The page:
Fantasy and science are often compared due to the radical concepts that can be employed for their respective genres. Eventually, you’ll reach a point where they’re indistinguishable from each other. Fantasy allows us to break the mold of reality and delve into new worlds without being halted by scientific impossibilities. While I prefer fantasy to something like science fiction, in a story more grounded with reality, science can become its own fantasy.
Imagine the world is dragged back to the stone age by an unexplainable phenomenon where all humans (and swallows) are turned to stone, and exactly 3689 years pass (the main character literally counted how long he’s been petrified) for nature to reclaim superiority of the world. Human progress and evolution have regressed, and it’ll take another few thousand years to catch back up, right?
With science, anything is possible.
Senku Ishigami, the first human to emerge from his stone imprisonment, is one of the smartest people in the world, now the smartest human in the new world. He seeks to gather friends and allies to conquer the stone world and jump back to present time, beating the fantasy that cursed them to stone with science. With only the basic resources of an unrefined world and his unparallel intellect, he will make his kingdom of science and discover the truth behind the mysterious light that thrusted everyone back to the past.
This series is amazing and fun to read. It has interesting and likable characters, loads of humor, and gives a marvelous application to science in storytelling.
Most stories often use fantastical elements due to their popularity and general interest in exploring fantastical worlds. Dr. Stone, however, does this differently by sending our characters to an unfamiliar land despite being the same planet. There’s no magic and characters are limited to the resources they can acquire naturally. Senku refuses to believe the light that turned them to stone can’t be explained, as science always finds an answer no matter how long it takes. It’s basically Minecraft, just less cubes and more science, and this series has an unending wave of videogame references.
Things like modern medicine and electricity which weren’t discovered for thousands of years are now utilized in a matter of days through ingenuity and hard work.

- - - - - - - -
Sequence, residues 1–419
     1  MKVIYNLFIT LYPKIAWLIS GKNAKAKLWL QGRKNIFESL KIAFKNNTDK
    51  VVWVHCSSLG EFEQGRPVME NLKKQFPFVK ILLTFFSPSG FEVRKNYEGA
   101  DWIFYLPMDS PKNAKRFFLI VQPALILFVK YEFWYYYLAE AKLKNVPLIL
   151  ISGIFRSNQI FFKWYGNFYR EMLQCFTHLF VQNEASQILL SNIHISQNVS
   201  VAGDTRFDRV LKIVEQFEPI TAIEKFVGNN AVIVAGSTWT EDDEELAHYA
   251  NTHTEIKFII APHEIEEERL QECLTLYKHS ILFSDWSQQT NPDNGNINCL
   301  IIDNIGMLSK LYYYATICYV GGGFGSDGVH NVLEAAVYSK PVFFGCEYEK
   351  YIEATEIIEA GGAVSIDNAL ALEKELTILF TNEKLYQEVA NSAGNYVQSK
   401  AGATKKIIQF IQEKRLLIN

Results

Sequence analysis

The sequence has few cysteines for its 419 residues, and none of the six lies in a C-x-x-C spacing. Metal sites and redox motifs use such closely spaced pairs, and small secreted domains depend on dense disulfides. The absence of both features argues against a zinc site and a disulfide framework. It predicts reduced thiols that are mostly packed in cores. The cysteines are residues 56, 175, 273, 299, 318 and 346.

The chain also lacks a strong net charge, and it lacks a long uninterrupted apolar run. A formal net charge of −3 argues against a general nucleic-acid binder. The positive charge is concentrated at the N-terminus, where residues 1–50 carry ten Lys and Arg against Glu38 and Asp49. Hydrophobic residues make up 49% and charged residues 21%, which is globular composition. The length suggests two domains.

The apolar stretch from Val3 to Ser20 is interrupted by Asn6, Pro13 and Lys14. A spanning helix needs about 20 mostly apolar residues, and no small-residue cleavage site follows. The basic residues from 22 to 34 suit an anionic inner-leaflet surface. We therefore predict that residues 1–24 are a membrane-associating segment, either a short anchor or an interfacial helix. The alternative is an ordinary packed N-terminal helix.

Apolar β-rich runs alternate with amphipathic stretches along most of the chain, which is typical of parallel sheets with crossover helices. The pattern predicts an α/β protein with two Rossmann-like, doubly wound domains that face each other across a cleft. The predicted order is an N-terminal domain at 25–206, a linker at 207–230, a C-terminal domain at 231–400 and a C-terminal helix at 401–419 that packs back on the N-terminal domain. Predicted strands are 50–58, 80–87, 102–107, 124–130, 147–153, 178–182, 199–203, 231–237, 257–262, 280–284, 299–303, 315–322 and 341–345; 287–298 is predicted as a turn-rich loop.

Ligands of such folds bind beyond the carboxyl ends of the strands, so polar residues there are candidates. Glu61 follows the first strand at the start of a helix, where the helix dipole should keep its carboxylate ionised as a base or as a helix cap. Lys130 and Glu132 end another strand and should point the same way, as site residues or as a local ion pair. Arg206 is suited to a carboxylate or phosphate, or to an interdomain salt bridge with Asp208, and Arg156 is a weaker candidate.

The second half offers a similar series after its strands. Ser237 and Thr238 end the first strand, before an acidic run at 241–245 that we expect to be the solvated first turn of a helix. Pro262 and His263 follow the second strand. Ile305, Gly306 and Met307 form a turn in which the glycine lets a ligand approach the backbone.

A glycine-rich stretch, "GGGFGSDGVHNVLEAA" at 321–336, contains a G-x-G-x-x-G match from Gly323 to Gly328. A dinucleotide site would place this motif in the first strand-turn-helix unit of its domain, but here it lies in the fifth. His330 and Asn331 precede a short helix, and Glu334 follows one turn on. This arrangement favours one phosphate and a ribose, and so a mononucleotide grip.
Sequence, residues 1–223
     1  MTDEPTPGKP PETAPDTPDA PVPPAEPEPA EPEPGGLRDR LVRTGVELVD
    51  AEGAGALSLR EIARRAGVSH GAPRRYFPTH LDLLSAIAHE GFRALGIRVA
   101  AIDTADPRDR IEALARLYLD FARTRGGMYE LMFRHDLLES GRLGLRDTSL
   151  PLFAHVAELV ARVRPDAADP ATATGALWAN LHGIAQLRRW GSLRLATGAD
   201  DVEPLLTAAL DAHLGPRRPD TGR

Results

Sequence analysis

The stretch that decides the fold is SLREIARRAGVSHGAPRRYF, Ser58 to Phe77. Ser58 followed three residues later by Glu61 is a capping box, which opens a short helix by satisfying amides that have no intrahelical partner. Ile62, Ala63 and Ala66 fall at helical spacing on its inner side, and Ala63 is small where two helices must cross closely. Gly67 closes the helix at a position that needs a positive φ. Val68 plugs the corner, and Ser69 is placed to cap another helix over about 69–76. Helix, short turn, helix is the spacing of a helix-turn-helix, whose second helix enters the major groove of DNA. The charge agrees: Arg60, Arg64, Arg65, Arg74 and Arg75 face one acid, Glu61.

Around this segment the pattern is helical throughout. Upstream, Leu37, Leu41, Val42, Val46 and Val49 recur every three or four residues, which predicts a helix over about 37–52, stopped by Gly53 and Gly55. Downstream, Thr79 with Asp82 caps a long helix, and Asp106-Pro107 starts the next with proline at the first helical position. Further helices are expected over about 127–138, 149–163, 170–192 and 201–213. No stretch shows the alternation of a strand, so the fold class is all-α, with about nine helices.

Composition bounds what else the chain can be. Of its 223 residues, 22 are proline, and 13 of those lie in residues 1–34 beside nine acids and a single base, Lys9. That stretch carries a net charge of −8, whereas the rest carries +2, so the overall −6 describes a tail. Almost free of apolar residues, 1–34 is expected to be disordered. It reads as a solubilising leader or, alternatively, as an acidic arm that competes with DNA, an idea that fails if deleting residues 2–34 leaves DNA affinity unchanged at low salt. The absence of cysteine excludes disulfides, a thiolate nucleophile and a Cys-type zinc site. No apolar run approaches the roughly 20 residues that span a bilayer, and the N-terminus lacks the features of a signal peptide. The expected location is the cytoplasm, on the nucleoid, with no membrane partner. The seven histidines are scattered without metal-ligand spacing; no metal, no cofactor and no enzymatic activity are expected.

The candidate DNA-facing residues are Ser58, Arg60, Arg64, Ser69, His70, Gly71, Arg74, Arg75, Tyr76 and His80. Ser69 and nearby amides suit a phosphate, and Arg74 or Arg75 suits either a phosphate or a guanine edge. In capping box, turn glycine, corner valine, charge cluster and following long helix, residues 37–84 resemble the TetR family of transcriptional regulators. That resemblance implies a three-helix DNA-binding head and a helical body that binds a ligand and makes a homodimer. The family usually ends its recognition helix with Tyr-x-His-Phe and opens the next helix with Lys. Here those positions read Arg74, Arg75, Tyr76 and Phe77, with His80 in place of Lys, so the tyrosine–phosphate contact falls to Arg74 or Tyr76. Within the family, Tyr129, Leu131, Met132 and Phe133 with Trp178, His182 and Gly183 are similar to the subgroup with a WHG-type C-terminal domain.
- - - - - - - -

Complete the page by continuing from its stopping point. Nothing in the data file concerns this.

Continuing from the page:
What makes this series appealing, however, is how it allows the audience to experience the true power of scientific discovery and human evolution/adaption. Even though Senku has all the knowledge of human history to get back to civilization, a surviving village of humans still continue to make advancements in technology and science despite not having the knowledge Senku possesses. No matter how much humans regress from their technological development, there’ll always be curious minds pushing toward discovery.
Readers get excited whenever Senku and his allies produce new equipment and items to improve their daily lives, and it’s not done through magic or given by a Deus ex Machina (though, luck probably also plays a factor into that). Something so mundane and commonplace in our advanced world like glasses, light, and ramen become huge milestones in the stone world. It’s just like when we first discovered these things, the joy of making progress for our own advancement.
This series is a testament to the progress we’ve made from the wheel to virtual reality. It’s definitely worth a read, especially for anyone who loves science, or even fantasy.
Fun Fact: the series name has a few meanings behind it. Dr. Stone can be interpreted as a reference to Dr. Albert Einstein, one of Senku’s personal heroes (he wrote the E=mc2 formula on his shirt in his own blood, that’s hardcore appreciation right there). Einstein can be broken down into two parts. Ein means ‘one’, and stein means ‘stone’. Some translations say it means ‘to surround and enclose in stone’.